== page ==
The Fast and Easy Way to Download Windows 10 on a Flash Drive
This topic covers how to manually create a Windows installation flash drive from Windows installation ISO disc image file or DVD, and is intended for manufacturers looking into creating media that they can use to manufacture Windows devices.
The steps described on this page assume you have Windows installation media and access to a Windows technician PC. If you're looking for an easy, automated way to create a bootable Windows installation flash drive, see:
download windows 10 to flash drive
To create installation media, go to the software download website, where you'll find step-by-step instructions. On that website, you can select a version of Windows and create your own installation media using either a USB flash drive or a DVD. To go directly to one of the versions, select one of these links:
A USB flash drive, external hard drive, or DVD. A blank USB flash drive or external hard drive with at least 8 GB of space, or a blank DVD (and DVD burner). We recommend using a blank USB or blank DVD because any content on it will be deleted. When burning a DVD from an ISO file, if you're told the disc image file is too large, you'll need to use dual layer (DL) DVD media.
3. When the program opens, accept Microsoft's terms and conditions, then select Create installation media (USB flash drive, DVD, or ISO file) for another PC, and click Next.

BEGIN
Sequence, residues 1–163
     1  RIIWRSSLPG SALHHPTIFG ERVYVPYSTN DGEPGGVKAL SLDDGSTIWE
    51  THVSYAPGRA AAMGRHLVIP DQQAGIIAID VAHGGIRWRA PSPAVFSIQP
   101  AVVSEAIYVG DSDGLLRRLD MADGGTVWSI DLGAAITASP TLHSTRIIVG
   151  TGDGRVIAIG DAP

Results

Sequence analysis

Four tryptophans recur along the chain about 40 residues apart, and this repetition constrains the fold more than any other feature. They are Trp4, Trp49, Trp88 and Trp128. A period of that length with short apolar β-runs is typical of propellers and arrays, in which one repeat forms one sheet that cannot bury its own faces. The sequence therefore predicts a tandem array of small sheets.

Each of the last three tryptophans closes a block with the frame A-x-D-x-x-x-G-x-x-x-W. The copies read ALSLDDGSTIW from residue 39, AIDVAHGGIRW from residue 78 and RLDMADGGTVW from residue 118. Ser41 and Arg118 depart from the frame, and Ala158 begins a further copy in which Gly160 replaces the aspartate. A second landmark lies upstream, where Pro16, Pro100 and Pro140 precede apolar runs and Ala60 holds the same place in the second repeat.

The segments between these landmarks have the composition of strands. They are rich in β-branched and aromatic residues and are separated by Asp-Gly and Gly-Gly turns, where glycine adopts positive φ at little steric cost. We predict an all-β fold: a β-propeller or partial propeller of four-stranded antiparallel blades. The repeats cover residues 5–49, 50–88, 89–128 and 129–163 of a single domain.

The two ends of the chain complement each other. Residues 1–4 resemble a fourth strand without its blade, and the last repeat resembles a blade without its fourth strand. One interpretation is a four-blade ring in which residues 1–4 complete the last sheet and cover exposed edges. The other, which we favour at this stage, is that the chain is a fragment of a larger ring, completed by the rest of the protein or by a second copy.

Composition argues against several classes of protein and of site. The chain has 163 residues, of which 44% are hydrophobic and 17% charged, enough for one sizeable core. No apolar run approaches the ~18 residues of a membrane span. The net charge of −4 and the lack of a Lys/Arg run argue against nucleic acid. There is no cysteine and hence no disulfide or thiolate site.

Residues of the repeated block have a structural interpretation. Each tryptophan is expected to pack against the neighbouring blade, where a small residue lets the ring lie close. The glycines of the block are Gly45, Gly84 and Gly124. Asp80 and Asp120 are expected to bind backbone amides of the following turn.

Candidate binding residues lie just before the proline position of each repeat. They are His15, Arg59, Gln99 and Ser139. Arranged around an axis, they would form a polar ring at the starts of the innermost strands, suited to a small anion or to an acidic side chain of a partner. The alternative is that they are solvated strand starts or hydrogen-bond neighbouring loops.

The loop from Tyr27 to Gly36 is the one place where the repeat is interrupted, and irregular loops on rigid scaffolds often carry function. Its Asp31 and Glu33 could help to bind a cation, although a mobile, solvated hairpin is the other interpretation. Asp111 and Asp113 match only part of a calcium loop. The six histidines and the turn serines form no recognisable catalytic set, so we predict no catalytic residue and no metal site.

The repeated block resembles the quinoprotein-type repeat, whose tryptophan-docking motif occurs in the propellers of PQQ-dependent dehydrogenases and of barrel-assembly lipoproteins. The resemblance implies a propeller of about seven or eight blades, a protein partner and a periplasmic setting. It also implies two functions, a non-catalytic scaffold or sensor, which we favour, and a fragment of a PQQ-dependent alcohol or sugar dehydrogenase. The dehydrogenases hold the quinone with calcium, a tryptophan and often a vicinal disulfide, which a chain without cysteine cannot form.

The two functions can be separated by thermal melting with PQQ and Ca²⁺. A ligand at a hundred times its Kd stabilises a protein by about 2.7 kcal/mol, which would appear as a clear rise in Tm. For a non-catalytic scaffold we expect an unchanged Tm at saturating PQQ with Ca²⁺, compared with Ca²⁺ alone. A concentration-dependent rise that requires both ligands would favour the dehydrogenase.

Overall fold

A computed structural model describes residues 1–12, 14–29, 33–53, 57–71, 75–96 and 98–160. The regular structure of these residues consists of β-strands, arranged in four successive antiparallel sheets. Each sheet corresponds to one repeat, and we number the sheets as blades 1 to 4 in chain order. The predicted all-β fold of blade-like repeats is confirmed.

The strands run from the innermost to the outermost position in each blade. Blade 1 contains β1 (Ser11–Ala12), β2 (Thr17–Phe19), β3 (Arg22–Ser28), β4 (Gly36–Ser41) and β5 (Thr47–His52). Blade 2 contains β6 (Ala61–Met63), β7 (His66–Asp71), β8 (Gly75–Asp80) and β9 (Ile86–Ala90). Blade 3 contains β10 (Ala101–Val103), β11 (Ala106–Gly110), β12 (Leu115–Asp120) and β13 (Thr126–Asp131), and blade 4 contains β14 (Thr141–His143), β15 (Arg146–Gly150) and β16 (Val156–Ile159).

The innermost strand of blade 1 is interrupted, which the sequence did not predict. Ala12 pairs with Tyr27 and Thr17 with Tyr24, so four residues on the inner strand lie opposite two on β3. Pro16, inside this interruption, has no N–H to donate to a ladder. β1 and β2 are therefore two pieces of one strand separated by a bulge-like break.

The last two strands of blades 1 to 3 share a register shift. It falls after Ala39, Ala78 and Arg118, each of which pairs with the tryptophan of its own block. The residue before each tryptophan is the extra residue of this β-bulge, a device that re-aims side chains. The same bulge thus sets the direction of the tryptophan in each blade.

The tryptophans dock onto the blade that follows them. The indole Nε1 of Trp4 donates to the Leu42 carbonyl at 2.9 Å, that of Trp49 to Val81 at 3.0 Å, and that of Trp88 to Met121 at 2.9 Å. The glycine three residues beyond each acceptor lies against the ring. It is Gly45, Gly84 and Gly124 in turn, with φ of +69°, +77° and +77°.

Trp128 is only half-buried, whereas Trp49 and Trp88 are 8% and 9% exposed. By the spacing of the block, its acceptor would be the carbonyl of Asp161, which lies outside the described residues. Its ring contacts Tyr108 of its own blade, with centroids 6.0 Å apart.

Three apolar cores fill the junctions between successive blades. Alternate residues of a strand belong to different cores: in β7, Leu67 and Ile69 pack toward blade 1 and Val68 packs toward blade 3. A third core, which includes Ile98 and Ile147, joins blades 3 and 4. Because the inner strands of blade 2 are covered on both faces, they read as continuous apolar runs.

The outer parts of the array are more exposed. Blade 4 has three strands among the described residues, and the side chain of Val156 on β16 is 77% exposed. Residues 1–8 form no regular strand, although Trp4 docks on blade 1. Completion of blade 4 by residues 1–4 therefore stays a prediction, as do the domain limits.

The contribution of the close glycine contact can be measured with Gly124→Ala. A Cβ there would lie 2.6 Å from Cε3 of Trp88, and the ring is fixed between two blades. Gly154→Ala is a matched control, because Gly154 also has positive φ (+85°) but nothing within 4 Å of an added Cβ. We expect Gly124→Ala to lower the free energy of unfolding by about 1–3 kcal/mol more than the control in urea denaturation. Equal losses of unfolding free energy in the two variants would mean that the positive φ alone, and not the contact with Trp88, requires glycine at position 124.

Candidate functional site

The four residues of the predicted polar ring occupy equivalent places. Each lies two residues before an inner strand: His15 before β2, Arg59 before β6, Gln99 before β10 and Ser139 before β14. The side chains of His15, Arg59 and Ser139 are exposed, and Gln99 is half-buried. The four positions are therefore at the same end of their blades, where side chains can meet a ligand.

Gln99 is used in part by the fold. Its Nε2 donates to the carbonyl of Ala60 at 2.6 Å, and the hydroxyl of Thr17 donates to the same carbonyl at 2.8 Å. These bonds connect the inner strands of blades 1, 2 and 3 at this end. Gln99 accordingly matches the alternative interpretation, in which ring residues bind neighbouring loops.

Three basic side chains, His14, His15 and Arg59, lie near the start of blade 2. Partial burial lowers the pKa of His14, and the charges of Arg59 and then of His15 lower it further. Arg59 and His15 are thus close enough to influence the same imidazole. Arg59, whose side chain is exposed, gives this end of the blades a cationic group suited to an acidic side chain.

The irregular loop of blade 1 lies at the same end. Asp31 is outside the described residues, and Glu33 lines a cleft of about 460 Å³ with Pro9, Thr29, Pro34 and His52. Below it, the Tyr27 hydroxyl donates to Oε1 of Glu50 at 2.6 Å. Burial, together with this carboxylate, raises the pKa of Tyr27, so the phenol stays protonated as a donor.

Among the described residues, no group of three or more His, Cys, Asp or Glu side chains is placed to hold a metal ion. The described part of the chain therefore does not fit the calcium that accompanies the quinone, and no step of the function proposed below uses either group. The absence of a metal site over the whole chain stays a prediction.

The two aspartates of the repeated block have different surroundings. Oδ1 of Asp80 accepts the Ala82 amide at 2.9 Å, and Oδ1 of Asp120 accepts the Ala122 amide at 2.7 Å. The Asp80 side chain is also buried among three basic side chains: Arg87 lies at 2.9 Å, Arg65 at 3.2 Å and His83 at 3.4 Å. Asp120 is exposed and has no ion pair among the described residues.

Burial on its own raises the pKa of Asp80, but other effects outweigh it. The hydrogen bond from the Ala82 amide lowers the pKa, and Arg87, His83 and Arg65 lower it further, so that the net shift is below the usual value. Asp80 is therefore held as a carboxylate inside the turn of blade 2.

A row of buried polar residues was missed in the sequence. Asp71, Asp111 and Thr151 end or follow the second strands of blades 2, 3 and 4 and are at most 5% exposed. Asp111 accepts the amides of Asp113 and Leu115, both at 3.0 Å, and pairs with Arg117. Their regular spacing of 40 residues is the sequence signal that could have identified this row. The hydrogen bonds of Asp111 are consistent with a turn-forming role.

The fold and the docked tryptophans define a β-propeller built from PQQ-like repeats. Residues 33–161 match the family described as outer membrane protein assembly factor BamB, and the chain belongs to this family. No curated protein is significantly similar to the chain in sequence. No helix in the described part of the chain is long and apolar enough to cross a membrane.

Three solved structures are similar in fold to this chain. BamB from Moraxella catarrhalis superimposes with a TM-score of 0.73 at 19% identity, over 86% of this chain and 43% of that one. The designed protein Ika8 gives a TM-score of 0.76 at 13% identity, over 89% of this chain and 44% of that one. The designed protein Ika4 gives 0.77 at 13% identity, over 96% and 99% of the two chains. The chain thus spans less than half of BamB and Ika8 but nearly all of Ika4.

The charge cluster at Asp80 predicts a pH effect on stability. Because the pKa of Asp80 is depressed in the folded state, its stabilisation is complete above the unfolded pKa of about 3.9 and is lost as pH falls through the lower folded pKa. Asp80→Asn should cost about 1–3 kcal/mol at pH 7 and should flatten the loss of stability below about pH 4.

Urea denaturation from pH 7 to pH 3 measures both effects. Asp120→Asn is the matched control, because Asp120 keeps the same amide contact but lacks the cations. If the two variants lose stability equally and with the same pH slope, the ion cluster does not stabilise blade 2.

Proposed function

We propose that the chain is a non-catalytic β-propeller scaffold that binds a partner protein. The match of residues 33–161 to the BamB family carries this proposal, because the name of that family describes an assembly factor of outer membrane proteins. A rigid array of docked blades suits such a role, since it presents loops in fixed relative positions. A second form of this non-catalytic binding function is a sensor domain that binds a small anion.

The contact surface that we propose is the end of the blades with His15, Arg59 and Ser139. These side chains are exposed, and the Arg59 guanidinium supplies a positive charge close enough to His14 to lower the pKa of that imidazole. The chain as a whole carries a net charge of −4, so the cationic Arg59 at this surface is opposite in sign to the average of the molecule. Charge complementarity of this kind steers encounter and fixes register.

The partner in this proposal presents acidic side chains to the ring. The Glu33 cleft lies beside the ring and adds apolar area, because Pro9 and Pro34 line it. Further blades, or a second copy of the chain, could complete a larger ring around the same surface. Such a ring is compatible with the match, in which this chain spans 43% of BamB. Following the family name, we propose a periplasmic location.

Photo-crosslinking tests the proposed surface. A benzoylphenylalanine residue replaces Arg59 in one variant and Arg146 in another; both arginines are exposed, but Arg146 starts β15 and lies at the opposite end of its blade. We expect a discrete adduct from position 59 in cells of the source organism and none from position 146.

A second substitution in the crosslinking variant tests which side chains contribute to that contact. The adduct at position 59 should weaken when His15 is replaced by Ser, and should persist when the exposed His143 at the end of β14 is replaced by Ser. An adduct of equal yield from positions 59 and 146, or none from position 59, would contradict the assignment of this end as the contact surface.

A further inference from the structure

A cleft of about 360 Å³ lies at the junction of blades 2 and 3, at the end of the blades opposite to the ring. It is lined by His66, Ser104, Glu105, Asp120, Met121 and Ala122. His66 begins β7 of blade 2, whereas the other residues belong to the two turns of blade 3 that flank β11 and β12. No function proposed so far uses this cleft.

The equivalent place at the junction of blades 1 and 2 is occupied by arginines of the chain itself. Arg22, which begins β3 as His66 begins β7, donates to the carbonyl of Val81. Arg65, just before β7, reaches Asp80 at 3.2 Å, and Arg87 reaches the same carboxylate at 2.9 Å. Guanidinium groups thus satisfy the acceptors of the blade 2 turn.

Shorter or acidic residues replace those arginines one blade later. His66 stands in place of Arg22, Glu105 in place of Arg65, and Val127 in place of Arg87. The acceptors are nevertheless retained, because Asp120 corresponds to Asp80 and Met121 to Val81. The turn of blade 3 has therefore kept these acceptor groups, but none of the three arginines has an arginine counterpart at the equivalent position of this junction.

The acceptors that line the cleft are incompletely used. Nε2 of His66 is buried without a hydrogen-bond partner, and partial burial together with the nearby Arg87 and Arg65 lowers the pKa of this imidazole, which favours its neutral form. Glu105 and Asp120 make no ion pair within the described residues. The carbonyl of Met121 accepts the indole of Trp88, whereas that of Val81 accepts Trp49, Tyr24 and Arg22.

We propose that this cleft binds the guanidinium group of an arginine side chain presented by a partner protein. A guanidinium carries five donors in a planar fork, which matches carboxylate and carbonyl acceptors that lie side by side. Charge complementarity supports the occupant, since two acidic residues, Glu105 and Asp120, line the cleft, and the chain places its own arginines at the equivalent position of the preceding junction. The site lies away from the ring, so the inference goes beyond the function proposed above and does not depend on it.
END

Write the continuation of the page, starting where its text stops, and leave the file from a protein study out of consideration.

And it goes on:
5. Click Next when you've adjusted the options, leave USB flash drive selected, and plug your USB drive into your computer. Select Next to continue.
If it doesn't automatically boot to the drive, you'll need to reboot your computer into its BIOS firmware -- usually done by pressing Esc, F2, or a similar key while the computer is starting up -- and change the boot drive or "bootmenu" to your flash drive. The process for each computer (or motherboard if you're building a gaming PC) will be different. When you first turn on your computer, there'll be a small line of text telling you which button to press to enter BIOS. If you don't see it, or it goes away too fast, I suggest consulting your manual for instructions.
When installing a fresh copy of Windows 10, you typically use a USB flash drive to launch the "Windows Setup" wizard to continue the installation process. However, on a device that has a Unified Extensible Firmware Interface (UEFI) instead of the legacy Basic Input/Output System (BIOS), it is crucial to use the correct media for the firmware type to complete the installation successfully.
On Windows 10, you can use at least two tools to create a bootable USB flash drive. You can use the Microsoft Media Creation Tool to download the files onto a removable drive with support for both firmware types (UEFI and legacy BIOS). Or you can use Rufus, a third-party tool that makes it easy to create a flash drive to install Windows with support for UEFI.
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Once you complete the steps, the Media Creation Tool will download the files and will create a bootable USB flash drive that you can use to install Windows 10 on computers with support for UEFI and BIOS.
Choose the USB flash drive option. In some cases where you want to keep the Windows 10 ISO file for manual installation to other USB flash drives using a tool like Rufus, you can choose the ISO file option instead.